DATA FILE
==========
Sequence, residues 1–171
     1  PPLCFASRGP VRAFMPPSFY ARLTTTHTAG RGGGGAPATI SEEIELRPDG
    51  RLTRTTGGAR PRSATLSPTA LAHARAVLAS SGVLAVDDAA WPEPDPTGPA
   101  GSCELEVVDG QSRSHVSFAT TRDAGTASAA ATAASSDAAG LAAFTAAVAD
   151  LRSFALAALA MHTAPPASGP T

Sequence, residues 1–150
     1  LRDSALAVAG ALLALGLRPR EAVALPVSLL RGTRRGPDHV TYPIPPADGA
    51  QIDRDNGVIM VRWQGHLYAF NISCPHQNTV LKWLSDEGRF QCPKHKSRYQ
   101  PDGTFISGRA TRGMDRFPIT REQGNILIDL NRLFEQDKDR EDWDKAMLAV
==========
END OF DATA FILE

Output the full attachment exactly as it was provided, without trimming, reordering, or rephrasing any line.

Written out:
Sequence, residues 1–171
     1  PPLCFASRGP VRAFMPPSFY ARLTTTHTAG RGGGGAPATI SEEIELRPDG
    51  RLTRTTGGAR PRSATLSPTA LAHARAVLAS SGVLAVDDAA WPEPDPTGPA
   101  GSCELEVVDG QSRSHVSFAT TRDAGTASAA ATAASSDAAG LAAFTAAVAD
   151  LRSFALAALA MHTAPPASGP T

Sequence, residues 1–150
     1  LRDSALAVAG ALLALGLRPR EAVALPVSLL RGTRRGPDHV TYPIPPADGA
    51  QIDRDNGVIM VRWQGHLYAF NISCPHQNTV LKWLSDEGRF QCPKHKSRYQ
   101  PDGTFISGRA TRGMDRFPIT REQGNILIDL NRLFEQDKDR EDWDKAMLAV